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The Stanley Cup Playoffs continue on Saturday, Sept. 19 in the hub city of Edmonton. Now that we are through the conference finals, the full 2020 NHL Stanley Cup Final schedule has been announced.  

The top four teams during the regular season in both conferences played a three-game round robin for seeding in the First Round. The eight winners of the best-of-5 Qualifying Round advanced to the First Round.  

Rogers Place in Edmonton will host 2020 NHL Stanley Cup Final.  

Here is the 2020 NHL Stanley Cup Final schedule.

2020 STANLEY CUP FINAL (Rogers Place – Edmonton)

Tampa Bay Lightning vs. Dallas Stars (Series tied 1-1)

Game 1: Stars 4, Lightning 1 (recap)
Game 2: Lightning 3, Stars 2 (recap)
Game 3: Wednesday, Sept. 23, 8 p.m. ET – NBCSN (livestream)
Game 4: Friday, Sept. 25, 8 p.m. ET – NBC (livestream)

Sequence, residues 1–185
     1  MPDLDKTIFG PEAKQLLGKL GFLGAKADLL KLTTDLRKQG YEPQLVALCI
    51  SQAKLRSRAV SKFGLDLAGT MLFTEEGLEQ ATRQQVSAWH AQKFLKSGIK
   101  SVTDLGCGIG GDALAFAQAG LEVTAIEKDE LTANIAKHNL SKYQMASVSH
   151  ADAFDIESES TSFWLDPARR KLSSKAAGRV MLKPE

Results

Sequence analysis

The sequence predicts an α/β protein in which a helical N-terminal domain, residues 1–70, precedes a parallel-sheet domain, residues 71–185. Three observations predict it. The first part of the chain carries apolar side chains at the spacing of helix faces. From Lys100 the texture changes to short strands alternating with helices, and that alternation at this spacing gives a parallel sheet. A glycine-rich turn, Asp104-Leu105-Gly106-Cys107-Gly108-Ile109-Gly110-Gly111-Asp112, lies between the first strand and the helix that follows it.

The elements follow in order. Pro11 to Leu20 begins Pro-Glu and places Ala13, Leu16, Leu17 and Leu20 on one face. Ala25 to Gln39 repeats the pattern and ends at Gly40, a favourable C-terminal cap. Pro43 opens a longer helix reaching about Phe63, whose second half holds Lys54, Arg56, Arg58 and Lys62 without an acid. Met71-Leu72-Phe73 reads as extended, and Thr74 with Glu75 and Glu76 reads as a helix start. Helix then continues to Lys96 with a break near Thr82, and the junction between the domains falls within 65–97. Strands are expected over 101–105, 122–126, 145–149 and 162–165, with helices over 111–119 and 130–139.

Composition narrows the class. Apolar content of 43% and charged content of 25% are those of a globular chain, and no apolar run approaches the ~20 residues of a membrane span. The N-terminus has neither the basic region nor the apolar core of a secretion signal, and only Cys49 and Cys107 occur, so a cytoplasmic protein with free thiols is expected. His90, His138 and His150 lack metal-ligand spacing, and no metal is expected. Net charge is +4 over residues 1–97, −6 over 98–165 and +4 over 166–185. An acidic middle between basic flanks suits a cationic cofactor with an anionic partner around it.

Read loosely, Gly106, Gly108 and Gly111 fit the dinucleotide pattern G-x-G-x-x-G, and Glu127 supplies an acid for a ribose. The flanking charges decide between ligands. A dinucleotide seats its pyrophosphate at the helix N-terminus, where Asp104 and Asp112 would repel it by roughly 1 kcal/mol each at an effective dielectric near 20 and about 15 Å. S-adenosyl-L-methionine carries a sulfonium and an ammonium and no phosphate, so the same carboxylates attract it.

Game 5: Saturday, Sept. 26, 8 p.m. ET – NBC
*Game 6: Monday, Sept. 28, 8 p.m. ET – NBC
*Game 7: Wednesday, Sept. 30, 8 p.m. ET – NBC

*if necessary

[NBC 2020 STANLEY CUP PLAYOFF HUB]

CONFERENCE FINAL RESULTS

EASTERN CONFERENCE FINAL
Lightning beat Islanders (4-2)

WESTERN CONFERENCE FINAL
Stars beat Golden Knights (4-1)

***

SECOND ROUND RESULTS

EASTERN CONFERENCE
Lightning beat Bruins (4-1)
Islanders beat Flyers (4-3)

WESTERN CONFERENCE
Golden Knights beat Canucks (4-3)
Stars beat Avalanche (4-3)

***

NHL QUALIFYING ROUND / ROUND-ROBIN RESULTS

EASTERN CONFERENCE
Philadelphia Flyers (3-0-0, 6 points)
Tampa Bay Lightning (2-1-0, 4 points)
Washington Capitals (1-1-1, 3 points)
Boston Bruins (0-3-0, 0 points)

Canadiens beat Penguins (3-1)
Hurricanes beat Rangers (3-0)
Islanders beat Panthers (3-1)
Blue Jackets beat Maple Leafs (3-2)

WESTERN CONFERENCE
Vegas Golden Knights (3-0-0, 6 points)
Colorado Avalanche (2-1-0, 4 points)
Dallas Stars (1-2-0, 2 points)
St. Louis Blues (0-2-1, 1 point)

Blackhawks beat Oilers (3-1)
Coyotes beat Predators (3-1)
Canucks beat Wild (3-1)